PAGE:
I arrived the next morning around 10:30AM to see oxygen tubes in my son’s nose and he did not look good. My husband wasn’t aware of oxygen danger but I was because of a friend whose son nearly died from being given oxygen. I realized I had not shared that info with my husband. The nurse came in and I asked about it. She said his oxygen saturation levels were falling. My son could not keep his eyes open. I told her that the oxygen tubes would be coming out and she advised me to consult with the doctor. As soon as she left the room, I took them out of his nose and started with his cough assist machine. I took out a lot of mucus and he seemed to be responding. The machine on the wall  kept beeping because the oxygen levels were low but I kept working with the cough assist. I put ithe oxygen tube back in fhis nostrils for a short while and then repeated the procedure. After almost two hours of using the cough assist machine, he was alert, and responded by having his oxygen saturations at 100 percent. He then maintained those oxygen levels. The nurses were astounded, but it did not take a rocket scientist. From what I have researched, most medical personnel are not trained on the non invasive approach to pulmonary care, much less even aware of how it works. There are some medical personnel who know. There is also no protocol for the standard of care for these patients.         
                    Achieving optimum health can even be as simple as which masks the patient uses. For my son, we chose to use nasal pillows for his Bipap, as using a full face mask can also cause complications with weight loss due to distension of the stomach as it receives too much air. There is so much to learn beginning with me and also the medical personnel. I have learned two things over the years. Whatever ‘sentence’ the doctors give you… take it lightly as everyone responds differently and most importantly LIVE your life. They only know from some of their experiences and most likely schooling. We are the ones who live with our loved one’s diagnoses. We have learned to achieve emotional health as well. Don’t let them take away any hope you have to keep you going. The next most important thing I have learned is that I will not accept NO for an answer in my care or anyone else’s care in my family. Many times, you will be butting heads with medical personnel, but remember, you don’t have to take those folks back home with you. I must say that I was most impressed with the people at the hospital, especially the Special Care Unit.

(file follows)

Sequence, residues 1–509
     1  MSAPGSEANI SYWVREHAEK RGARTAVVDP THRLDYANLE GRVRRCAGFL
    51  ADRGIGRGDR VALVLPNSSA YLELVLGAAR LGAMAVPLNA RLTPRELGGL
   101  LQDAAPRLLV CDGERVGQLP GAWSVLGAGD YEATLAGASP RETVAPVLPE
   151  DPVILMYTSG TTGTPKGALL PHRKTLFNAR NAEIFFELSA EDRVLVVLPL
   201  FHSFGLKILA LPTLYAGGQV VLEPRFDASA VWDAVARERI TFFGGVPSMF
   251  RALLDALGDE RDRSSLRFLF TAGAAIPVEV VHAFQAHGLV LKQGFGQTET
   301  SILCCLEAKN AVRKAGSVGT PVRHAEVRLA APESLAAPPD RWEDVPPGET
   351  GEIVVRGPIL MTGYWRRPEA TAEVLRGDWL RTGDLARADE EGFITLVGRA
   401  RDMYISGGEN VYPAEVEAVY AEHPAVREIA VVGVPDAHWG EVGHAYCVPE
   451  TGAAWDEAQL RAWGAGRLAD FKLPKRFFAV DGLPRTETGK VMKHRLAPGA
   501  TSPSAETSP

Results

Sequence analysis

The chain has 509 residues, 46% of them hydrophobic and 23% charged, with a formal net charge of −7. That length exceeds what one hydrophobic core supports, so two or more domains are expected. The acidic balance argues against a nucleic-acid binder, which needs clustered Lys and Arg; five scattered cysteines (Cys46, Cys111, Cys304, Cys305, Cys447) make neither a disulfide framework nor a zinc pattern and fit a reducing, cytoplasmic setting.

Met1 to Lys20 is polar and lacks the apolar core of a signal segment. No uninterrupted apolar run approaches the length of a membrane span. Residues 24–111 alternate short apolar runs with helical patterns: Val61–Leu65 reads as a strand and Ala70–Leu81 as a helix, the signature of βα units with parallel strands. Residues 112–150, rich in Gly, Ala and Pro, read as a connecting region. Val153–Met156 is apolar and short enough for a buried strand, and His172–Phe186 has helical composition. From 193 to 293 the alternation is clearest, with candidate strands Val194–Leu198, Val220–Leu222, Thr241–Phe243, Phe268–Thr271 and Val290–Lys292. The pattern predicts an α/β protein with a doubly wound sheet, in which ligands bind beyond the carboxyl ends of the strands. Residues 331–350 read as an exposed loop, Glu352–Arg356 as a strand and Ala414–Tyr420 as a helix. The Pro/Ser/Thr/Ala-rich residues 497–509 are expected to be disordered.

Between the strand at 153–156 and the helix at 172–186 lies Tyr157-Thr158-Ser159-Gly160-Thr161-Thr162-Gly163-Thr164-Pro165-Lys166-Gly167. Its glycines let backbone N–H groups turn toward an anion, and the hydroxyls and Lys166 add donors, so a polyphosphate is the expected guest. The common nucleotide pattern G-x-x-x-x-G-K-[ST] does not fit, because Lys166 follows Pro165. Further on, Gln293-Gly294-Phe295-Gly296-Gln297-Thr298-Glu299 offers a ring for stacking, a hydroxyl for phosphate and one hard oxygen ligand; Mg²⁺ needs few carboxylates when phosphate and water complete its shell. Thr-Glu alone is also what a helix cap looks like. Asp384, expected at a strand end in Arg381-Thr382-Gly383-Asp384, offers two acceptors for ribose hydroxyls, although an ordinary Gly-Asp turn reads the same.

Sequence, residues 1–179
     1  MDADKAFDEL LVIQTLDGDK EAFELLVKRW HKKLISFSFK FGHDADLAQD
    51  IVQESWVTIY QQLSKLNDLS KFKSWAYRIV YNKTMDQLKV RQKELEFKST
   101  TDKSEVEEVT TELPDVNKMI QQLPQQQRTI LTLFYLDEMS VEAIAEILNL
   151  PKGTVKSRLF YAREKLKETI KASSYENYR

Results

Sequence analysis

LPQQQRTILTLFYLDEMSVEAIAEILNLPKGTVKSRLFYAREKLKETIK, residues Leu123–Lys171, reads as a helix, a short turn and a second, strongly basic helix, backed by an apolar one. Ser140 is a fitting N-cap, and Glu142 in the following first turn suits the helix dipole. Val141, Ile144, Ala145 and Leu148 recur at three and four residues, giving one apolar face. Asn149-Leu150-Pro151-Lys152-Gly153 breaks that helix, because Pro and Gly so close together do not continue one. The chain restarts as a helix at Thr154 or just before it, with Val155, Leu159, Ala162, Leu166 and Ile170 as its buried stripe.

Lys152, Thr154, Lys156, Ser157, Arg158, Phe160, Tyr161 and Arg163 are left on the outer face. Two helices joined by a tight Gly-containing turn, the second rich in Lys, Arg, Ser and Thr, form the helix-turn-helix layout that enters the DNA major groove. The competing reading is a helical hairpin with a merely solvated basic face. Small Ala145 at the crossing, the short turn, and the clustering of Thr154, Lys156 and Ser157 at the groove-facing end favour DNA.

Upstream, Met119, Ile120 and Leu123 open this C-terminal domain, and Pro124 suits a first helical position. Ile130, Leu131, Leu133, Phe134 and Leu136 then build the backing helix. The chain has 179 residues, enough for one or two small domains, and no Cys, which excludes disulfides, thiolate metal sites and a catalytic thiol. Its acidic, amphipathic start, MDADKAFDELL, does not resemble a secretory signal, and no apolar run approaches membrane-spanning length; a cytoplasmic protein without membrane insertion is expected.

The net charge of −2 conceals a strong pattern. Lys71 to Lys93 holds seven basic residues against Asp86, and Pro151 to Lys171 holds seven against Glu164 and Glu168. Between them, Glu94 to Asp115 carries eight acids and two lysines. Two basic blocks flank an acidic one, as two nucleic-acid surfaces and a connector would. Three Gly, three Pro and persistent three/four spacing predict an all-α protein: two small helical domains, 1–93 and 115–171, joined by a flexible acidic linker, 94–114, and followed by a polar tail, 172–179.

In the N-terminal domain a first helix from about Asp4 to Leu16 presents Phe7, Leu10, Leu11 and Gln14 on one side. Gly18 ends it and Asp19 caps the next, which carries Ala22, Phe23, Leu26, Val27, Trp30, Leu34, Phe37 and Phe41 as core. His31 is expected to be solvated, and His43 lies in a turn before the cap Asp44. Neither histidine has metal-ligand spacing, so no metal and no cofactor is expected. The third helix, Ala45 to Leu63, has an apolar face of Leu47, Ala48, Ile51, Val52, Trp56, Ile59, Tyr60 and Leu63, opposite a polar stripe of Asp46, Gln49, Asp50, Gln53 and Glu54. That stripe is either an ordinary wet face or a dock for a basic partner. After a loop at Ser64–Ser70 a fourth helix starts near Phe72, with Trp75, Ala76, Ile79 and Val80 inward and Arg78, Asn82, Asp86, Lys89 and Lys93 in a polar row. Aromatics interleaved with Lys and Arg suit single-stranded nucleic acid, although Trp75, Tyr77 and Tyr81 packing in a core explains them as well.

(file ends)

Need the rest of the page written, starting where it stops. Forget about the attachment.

Reprint permission with author’s permission @ fiddlinsuz@roadrunner.com

In Sickness and Health

                    Seldom do I get sick but I have been treated for asthma complications twice in the past month. Both incidents involved having a cold first. I was put on prednisone and later antibiotics. I am still not 100% but getting there. Thankfully, my ten day vacation starts on Friday.
                     I am not the only one who has been under the weather. My husband, youngest son and my oldest son are fighting colds. My oldest son, Michael, needs extra attention to prevent him contracting pneumonia. I frequently use a cough assist on him, sometimes in the night. If you are not familiar with this machine, it is a marvel. It should be a marvel as the cost is equivalent to a car. However, we all know there is nothing worth more than good health. We will do anything to have good health. A cough assist is a machine used on a patient who is unable to cough mucus unassisted from their lungs. It can be compared to the iron lung of yesterday. Today’s cough assist is a small machine, which is portable and has gauges and dials on the front. When it is plugged in, it makes a loud sound like a respirator. It can be a little frightening. There is a long flexible hose that attaches to a face mask and that is attached to the machine. On the gauge is a needle that needs to be completely verticle when the mask is pushed tightly against the mouth and nose. I help Mike with this and I gently hold the back of his neck when I do it. The needle moves to the far right when he inhales and to the far left when he exhales. We continue this five or 6 times and then he coughs on the 6th time. When he coughs, the air which has entered his lungs forces the mucus to come out of his mouth. Then we repeat this about 6 times. It expands his lungs and keeps him healthier.